This allows you to view how the diamond appears in a solitaire setting, surrounded by a halo of diamonds, or on top of a shank lined with pavé.

Radiant cuts have many pros and cons, so it’s about understanding which traits are essential to your perfect ring and deciding if radiant cuts meet that criteria.

Picture of Jacob Clarke

Jacob Clarke

Jacob Clarke is the founder of TeachJewelry.com.

He earned an Applied Jewelry Professional Diploma from the Gemological Institute of America (GIA) and now brings you essential information about diamonds, settings, and more.

Jacob has consulted with leading jewelry brands, and his work has been cited in Clean Origin, Diamond Nexus and industry publications.

He's also a member of the International Gem Society.

He enjoys discussing jewelry with readers, so contact him with any questions at jacob.clarke@teachjewelry.com.

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Jacob Clarke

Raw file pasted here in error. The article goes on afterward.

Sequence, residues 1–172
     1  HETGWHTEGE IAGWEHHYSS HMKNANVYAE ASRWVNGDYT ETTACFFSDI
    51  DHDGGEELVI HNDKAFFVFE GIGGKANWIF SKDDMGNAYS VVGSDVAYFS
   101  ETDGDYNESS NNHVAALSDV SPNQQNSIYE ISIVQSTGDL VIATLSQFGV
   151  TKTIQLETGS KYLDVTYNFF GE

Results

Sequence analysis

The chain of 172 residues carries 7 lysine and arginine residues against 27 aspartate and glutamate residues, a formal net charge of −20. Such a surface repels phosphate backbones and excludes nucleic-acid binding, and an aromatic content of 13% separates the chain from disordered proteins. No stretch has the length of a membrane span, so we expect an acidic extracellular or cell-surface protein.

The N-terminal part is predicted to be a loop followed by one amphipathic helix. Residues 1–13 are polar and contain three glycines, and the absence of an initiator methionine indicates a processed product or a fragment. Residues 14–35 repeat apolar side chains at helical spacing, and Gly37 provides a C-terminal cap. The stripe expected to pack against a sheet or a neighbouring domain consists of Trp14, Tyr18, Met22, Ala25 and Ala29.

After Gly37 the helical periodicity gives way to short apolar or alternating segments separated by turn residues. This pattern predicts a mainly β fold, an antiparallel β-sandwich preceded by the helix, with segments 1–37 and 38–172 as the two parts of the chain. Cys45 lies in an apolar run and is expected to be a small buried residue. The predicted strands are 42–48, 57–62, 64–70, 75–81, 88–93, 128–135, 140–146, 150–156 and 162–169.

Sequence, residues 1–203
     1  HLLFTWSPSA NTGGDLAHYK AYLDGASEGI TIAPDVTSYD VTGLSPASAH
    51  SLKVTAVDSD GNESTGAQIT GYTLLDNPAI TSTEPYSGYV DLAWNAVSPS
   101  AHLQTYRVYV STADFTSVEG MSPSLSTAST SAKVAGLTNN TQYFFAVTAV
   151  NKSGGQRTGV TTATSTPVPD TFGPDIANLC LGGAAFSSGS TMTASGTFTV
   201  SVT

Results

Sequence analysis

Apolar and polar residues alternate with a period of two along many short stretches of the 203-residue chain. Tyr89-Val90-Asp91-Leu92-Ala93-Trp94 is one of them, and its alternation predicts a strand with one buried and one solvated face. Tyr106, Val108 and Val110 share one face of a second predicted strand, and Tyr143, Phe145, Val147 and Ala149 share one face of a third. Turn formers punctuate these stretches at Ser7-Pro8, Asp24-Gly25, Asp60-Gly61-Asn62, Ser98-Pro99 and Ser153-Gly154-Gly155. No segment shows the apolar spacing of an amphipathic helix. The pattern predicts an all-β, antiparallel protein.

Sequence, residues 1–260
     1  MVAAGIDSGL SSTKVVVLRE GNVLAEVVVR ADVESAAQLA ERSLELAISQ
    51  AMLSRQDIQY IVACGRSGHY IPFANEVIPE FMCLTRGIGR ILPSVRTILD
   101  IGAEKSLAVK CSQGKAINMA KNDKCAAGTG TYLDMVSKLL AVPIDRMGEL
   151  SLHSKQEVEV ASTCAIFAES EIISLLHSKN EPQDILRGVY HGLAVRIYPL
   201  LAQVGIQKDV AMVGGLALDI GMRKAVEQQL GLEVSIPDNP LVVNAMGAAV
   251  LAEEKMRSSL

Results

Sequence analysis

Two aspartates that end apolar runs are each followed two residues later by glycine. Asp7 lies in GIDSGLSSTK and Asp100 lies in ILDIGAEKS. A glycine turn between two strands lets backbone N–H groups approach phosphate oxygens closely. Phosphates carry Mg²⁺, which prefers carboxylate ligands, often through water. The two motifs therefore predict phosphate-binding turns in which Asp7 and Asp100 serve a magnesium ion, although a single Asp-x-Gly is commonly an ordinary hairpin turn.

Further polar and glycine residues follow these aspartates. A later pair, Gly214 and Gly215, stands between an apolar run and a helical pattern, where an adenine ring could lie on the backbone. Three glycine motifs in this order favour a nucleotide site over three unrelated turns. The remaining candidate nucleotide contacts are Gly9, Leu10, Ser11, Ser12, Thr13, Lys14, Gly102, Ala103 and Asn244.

Jacob Clarke from Teach Jewelry

About Me

Greetings, my name is Jacob and I am the founder of Teach Jewelry. My aim is to guide you in making informed decisions when it comes to diamond and engagement ring selection. I provide comprehensive yet accessible advice and tips to ensure clarity, eliminating any concerns of overpaying for your diamond, engagement ring, or other jewelry. Whether your interest lies in selecting a top quality diamond, choosing its ring setting, or exploring other jewelry pieces, rest assured, you will attain the knowledge needed to select the right piece with confidence.